I'm a German software developer who needs to add a parameter to a function that lets users choose if the created text "sticks" to the left, to the right, or is (horizontally) centered. For this concept I have found three expressions: (1) text justification (2) text alignment (3) quadding.
Is there any difference between the three choices in how they are used / what they mean?
From writing HTML, I know text alignment, e.g. mozilla docs.
It's also called "align" in Google Docs and Libre Office Writer:
The same concept is called "text justification" in the PDF specification.
I have only ever seen this in the PDF specification. There it is used as a synonym for "text justification".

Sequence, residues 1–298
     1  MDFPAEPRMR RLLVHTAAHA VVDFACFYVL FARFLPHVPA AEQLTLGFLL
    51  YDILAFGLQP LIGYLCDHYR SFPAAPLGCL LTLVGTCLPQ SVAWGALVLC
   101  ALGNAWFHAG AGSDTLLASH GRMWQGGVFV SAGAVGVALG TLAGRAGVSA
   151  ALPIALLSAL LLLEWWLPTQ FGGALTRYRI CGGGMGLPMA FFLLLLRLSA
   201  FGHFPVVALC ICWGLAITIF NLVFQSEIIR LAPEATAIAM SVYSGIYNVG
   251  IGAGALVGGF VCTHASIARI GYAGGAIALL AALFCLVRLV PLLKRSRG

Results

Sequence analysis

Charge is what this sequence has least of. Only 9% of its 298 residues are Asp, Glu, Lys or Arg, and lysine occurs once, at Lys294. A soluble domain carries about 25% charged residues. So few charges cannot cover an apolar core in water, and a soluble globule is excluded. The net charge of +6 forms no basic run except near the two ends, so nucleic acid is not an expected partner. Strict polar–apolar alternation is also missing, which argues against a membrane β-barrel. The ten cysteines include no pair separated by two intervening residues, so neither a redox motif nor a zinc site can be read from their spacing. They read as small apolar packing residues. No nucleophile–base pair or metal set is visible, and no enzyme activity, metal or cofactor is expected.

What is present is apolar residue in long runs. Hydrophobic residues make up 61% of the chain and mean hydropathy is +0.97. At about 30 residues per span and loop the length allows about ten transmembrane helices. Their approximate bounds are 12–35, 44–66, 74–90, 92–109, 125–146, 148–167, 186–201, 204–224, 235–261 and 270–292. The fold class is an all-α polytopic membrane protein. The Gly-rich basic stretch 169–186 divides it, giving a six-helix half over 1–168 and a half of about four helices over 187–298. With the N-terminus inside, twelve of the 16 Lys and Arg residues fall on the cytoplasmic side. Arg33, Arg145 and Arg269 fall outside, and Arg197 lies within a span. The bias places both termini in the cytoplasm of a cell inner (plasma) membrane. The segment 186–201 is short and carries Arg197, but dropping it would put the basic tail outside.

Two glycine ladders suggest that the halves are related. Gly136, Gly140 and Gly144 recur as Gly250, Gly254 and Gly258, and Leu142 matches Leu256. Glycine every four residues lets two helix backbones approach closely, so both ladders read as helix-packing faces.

The best explanation what this means comes from http://www.happydragonspress.co.uk/tips/beginners/justification.shtml :
Em spaces are sometimes grouped in with Quads. Quads (or Quadrats) are like extra wide spaces, in multiples of 1 Em: 2 Em, 3 Em, 4 Em and occasionally 5 Em. These extra wide spaces are particularly useful for centering things and, above all, for poetry.
So quads are a tool to implement centering.
Looking at Google NGrams,
text alignment seems to be by far the most common one:
Justification vs Alignment
According to https://yesimadesigner.com/justification-vs-alignment/ and https://www.shutterstock.com/blog/justify-vs-align-guide-to-type-alignment
- Uses "justified" as one type of text alignment. It's called "justified" in Google Docs / Writer as well.
- Maybe even more precise would be that text is either justified or aligned. If it is aligned, it can be left/center/right aligned.